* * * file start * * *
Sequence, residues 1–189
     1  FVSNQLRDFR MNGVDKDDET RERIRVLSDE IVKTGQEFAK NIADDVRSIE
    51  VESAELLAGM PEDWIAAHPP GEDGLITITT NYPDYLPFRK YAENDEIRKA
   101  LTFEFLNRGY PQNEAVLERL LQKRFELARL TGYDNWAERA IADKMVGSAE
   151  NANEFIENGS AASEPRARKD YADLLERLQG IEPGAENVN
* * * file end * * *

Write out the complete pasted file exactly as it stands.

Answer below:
Sequence, residues 1–189
     1  FVSNQLRDFR MNGVDKDDET RERIRVLSDE IVKTGQEFAK NIADDVRSIE
    51  VESAELLAGM PEDWIAAHPP GEDGLITITT NYPDYLPFRK YAENDEIRKA
   101  LTFEFLNRGY PQNEAVLERL LQKRFELARL TGYDNWAERA IADKMVGSAE
   151  NANEFIENGS AASEPRARKD YADLLERLQG IEPGAENVN